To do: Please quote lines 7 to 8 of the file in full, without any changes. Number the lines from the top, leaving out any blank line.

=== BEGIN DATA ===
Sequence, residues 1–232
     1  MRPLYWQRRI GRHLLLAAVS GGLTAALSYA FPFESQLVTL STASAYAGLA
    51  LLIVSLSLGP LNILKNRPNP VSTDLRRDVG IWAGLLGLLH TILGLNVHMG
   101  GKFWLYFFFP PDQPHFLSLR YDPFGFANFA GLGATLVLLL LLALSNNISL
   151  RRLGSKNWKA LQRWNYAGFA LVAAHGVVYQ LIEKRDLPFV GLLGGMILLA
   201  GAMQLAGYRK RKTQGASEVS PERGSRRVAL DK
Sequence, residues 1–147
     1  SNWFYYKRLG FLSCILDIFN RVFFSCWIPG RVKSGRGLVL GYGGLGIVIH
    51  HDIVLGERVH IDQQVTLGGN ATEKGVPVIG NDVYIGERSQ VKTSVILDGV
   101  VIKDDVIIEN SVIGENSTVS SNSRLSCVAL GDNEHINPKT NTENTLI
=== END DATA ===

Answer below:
Sequence, residues 1–147
     1  SNWFYYKRLG FLSCILDIFN RVFFSCWIPG RVKSGRGLVL GYGGLGIVIH